Fortunately I have friends (notably Rachel & Tony at Dancing Rabbit) for whom this stuff isn't all that difficult and who are willing to patiently hold my hand while I experience email growing pains. While it seems a stretch at this point to project that I'll come to love Mail, my more modest goal right now is simply to be able to play nice together.

Today I'm trying figure out if I've got Mail… or Mail's got me.

Saturday, May 11, 2013

39 Steps Toward Community

Today Sandhill Farm is hosting its annual May Day party, marking the anniversary of when the two founding couples (Ed Pultz & Wendy Soderlund, and Ann Shrader & I) first arrived on the property back in the spring of 1974. That's right, Sandhill has finally reached the same age as Jack Benny—39 years old.

Because we tend to give greater homage to the extension of longevity when it reaches decade milestones—"Lordy, lordy look who's forty" will happen next year—I thought it might be nice to give a little love to 39, which doesn't ordinarily get much time in the limelight.

Aside from my quip about Jack Benny's perennial age—a schtick that he milked for decades as a vaudeville comedian with legendary durability—it turns out that there aren't that many well-known references to 39. Luckily, I've never let relative obscurity stand in the way of a good story...

With a little refection, I've come up with three ways to celebrate 39:

1. Gestation
Humans typically take 38-42 weeks to incubate from conception to birth, and 39 weeks is considerate the target minimal length for full-term babies. The idea being that if babies are left in the oven at least that long they are much more likely to be born with fully developed brain, liver, and lung functions—all of which are rather handy.

So, while 13 is often considered unlikely, three times 13 is favorable—at least when it comes to human babies. And, of course, this is '13, so it all comes together.

2. Three Suits
As a road warrior I face a steady diet of logistical challenges. Fortunately, having only three suits in my closet is not one of them. In today's more casual business environment my work as a process consultant and as a nonprofit administrator rarely necessitates that I change out of jeans and knit shirts that don't have tears or holes. As a professional, the point of clothes is to dress well enough that people aren't distracted by what I'm wearing, and in most situations today a dress suit would come across as formal and stuffy—which is not the tone I want to set with clients I'm hoping will open up in my presence.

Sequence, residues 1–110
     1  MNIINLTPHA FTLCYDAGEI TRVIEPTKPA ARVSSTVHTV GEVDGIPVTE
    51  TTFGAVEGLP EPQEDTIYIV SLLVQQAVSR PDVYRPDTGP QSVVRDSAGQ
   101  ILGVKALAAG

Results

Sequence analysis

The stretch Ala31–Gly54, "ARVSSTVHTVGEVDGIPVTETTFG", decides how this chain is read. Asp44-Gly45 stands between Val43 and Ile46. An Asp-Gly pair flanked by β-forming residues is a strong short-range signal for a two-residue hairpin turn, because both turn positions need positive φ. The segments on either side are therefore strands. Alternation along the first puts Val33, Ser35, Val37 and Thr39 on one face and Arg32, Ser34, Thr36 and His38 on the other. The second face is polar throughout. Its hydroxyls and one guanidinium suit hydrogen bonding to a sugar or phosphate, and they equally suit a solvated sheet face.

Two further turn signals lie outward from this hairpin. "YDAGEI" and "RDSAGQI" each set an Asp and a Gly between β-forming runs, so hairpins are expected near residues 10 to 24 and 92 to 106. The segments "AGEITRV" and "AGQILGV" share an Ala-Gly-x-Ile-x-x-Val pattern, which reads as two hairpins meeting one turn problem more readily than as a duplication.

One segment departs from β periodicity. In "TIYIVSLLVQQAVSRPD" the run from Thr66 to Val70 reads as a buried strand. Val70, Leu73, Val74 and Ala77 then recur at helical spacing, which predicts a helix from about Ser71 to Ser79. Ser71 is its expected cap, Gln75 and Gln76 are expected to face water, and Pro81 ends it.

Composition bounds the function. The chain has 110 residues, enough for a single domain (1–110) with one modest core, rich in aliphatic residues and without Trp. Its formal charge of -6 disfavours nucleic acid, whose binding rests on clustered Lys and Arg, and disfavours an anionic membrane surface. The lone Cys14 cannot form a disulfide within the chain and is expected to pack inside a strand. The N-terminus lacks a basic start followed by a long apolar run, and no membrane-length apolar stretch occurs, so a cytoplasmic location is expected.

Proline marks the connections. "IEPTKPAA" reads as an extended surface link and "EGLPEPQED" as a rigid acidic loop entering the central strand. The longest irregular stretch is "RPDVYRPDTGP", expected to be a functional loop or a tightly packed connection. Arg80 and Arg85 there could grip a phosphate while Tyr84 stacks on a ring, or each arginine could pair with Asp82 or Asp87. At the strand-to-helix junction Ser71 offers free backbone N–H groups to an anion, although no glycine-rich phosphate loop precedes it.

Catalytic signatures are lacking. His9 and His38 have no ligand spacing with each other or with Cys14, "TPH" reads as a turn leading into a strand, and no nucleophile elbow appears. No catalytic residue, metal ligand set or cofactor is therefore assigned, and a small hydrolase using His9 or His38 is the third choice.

While my wardrobe isn't challenged by my travel schedule, my card playing is. Duplicate bridge has been one of my favorite recreational pastimes since I took it up a bit more than 13 years ago (there's that number again), and my playing time is frequently interrupted by my travel schedule. While I'm occasionally able to shoehorn some time at an out-of-town bridge club into a free afternoon or evening, mostly I just play when I'm home on Wednesdays (which is when there's a game in Kirksville MO). 

In the context of a deck of cards, you see, three suits equates to 39 cards. While it's generally an advantage to be void in one suit when playing bridge, I don't consider it an advantage at all to have a void of card playing in my weekly routine.

3. Hitchcock 
Growing up in the '50s and '60s, one of the best known film directors of my youth was Alfred Hitchcock, the master of suspense. Before cranking out such critically acclaimed hits as Dial M for Murder (1954), Rear Window (1954), The Man Who Knew Too Much (1956), Vertigo (1958), North by Northwest (1959), Psycho (1960), The Birds (1963), and Torn Curtain (1966), he did a movie in 1935 called 39 Steps, which took its name from a 1915 espionage novel by John Buchan.

The story hinges on a spy ring in Britain that has 39 components, each ignorant of all but the steps immediately in front of and behind themselves, excepting an idiot savant who doesn't know the import of what he knows, and which the protagonists are ultimately able to get to spill the beans. 

While the plot of the film may be a bit unlikely, a lot of people thought that Sandhill's chances of seeing its 39th birthday were just as unlikely, and here we are.